Yeah, and I felt that. Because as I've said before, a lot of my peers, they take on maybe an executive producer role and kind of don't do too much involvement with the actual show, the day-to-day of it. I felt it was important to be in there.
And also, I wanted to learn. After sitting in your room for years 20 years writing comics, in fact 40 years writing comics probably, I was insistent to get out and about into a much more collaborative atmosphere. And that's what I loved about it.
Also, as you see, what is exciting to me is that it's something that I created. I'm in Los Angeles right now, and at the end of the street there on Sunset, there's a gigantic Happy! billboard. And it's a main vendor that I'm looking at. Because this is something that come up in me and Darick's head all those years ago that is suddenly on Sunset Boulevard. And everyone who's got their car stopped at the lights there is having to look at Nick Sax breathing down at them. And that is almost psychedelic to me. It's so amazing that thing has made that journey to see him on a gigantic billboard.
Is this something that you think is over after this season or would you like to kind of continue to live in the world of this show if it's a bit hit and they want more?
If it's a hit, we know exactly where we're going with it. We do have it planned out to three seasons so far. If it's a hit, we'll go back to that and see if we can extend it more.
But we've taken it seriously. If the show is a success, we'll know exactly what we're doing. We know where it's going. There's a real big mythology behind it, which people won't really be aware of until somewhere around I think episode four you start to see hints of it.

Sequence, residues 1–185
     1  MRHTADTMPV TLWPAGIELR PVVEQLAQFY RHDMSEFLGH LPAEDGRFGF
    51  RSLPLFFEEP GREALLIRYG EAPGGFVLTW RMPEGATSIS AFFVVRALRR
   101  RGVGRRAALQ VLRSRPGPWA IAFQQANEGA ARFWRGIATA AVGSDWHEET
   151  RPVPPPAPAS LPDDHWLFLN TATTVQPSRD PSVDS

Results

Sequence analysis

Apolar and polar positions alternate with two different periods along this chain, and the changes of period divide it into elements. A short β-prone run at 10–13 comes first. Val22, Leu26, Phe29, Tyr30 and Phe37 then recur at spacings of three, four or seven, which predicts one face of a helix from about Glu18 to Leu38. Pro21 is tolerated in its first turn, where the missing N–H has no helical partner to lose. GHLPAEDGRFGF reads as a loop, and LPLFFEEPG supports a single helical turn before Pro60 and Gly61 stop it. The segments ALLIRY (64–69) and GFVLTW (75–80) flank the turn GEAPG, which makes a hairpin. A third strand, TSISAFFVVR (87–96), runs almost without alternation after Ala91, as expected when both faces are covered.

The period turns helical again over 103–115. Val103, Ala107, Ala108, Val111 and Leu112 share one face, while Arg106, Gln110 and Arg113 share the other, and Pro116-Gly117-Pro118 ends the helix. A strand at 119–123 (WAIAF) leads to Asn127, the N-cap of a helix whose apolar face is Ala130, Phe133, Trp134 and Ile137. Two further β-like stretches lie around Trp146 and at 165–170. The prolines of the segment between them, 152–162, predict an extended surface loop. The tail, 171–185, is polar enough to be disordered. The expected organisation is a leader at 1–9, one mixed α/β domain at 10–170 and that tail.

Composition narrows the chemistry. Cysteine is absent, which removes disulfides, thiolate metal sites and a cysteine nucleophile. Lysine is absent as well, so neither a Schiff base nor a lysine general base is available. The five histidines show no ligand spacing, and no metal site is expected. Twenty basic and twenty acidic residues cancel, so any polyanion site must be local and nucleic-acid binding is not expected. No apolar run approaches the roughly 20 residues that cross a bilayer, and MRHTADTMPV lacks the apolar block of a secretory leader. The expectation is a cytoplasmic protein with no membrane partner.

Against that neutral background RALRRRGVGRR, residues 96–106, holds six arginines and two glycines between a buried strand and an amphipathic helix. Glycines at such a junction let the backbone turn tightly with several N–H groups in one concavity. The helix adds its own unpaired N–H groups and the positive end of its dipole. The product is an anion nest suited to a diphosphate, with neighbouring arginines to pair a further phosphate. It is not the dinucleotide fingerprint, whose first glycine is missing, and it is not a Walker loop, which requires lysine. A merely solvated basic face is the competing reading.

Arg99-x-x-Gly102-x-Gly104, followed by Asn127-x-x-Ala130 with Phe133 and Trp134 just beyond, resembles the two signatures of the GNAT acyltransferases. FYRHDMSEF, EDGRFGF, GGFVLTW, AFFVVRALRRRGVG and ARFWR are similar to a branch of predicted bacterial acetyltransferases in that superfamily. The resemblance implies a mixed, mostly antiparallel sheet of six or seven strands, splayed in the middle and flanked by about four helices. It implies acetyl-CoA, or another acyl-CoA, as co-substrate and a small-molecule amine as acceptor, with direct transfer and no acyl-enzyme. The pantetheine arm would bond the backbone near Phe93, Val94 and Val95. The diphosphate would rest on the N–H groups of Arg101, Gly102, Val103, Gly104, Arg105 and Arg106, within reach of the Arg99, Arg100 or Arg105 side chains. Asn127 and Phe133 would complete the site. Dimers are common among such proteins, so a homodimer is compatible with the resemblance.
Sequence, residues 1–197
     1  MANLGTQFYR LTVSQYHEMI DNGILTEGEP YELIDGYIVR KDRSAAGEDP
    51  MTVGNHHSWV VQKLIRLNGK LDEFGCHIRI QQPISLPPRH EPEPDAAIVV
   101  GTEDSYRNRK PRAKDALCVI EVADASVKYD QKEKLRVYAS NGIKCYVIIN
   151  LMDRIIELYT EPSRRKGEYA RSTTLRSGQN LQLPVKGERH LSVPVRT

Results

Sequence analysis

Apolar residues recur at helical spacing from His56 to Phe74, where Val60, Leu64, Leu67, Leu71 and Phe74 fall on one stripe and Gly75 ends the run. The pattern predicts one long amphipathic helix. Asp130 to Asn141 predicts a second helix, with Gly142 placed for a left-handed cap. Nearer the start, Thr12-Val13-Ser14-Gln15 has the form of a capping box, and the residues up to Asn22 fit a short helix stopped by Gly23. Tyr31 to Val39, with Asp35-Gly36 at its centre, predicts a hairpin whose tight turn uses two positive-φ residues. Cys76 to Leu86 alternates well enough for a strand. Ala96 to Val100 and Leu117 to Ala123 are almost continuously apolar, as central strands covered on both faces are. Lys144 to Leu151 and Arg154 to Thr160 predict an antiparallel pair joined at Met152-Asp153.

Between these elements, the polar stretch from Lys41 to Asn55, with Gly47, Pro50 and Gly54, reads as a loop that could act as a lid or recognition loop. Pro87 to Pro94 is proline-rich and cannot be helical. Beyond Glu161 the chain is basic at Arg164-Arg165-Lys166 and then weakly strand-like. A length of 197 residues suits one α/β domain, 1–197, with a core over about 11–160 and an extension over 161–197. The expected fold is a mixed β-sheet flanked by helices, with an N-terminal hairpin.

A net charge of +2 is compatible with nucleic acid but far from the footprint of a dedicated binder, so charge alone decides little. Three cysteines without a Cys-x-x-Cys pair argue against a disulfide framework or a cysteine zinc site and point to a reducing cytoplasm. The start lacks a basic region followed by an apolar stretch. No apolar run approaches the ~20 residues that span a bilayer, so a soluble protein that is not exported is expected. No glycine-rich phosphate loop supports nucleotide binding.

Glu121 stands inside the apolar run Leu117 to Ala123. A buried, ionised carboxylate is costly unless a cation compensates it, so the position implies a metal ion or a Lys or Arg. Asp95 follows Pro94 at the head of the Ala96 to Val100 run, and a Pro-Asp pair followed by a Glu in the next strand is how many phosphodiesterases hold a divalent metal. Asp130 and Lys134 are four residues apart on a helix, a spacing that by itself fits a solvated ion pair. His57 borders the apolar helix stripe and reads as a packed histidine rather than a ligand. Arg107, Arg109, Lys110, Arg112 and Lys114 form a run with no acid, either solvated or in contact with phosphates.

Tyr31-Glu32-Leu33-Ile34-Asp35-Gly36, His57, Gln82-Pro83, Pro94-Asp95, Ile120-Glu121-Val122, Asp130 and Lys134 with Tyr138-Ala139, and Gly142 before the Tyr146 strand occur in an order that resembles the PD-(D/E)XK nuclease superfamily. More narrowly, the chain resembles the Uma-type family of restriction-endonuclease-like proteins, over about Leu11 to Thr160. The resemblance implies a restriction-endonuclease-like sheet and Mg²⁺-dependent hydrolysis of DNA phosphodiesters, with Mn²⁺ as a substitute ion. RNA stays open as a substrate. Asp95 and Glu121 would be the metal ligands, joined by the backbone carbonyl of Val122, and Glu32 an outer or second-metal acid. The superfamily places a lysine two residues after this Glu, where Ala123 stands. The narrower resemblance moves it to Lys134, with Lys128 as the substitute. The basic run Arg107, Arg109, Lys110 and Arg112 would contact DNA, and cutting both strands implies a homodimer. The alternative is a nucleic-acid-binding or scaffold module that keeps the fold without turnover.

So yeah, very much so. We'd love to keep going with these characters because we love them so much.
You are a big idea writer. Do you think that working on something like JLA or even The Invisibles where you were at the same project for years at a time preps you for working in TV and not getting too restless, wandering off to the next kind of big exciting thing?
Yeah, definitely. I think a lot of what's going on in TV now owes so much to comic storytelling. Comics were the place where you came to for a serial fiction that could actually run indefinitely if need be. And we were all chained to it.
The Invisibles went for six years. I did Batman for seven years. And in all of those cases where I've done long runs ... or in X-Men, I kind of work it out like a TV show. There are seasons that are arcs. There are beginnings and ends to particular storylines. And now, I'm watching TV and seeing all those exact same techniques applied to television.
So, yeah, it's something I'm very familiar with, and all of us who worked in comics over the last 20 years particularly, I think have been trained in writing and doing that kind of work, serialized fiction with a long-running subplots going through it and that sort of thing.
Again, like Darick's artwork, there are some genuinely gruesome elements to this show that seem to work because they're black humor...
We wanted to get away with kind of ridiculous images, like Nick Sax with the fire extinguisher. He's spraying it at the guy's head. And we get away with things like that because of the humorous thing.
If that was sort of a grim show, it would just seem like the lead character was a complete psychopath. But because there were those elements of humor that we bring, we get away with it. And Sax is still coming away lovable even after we've seen him cave someone's head in with a fire extinguisher.
A lot of it is owing to Meloni. He is the anchor in the show, and as I've said before, he's amazing at improvising. He just becomes the character. So all you have to do is ask him to speak and he'll come out with lines that Sax would have said because he inhabits the role so much.
So I definitely think his approach to it and his love of slapstick. The Three Stooges and things like that, which he always brings in as influences, really allowed us to hit that tone which was I think the right tone, as you see. That middle lane of being gross and offensive and also being kind of lovable and funny.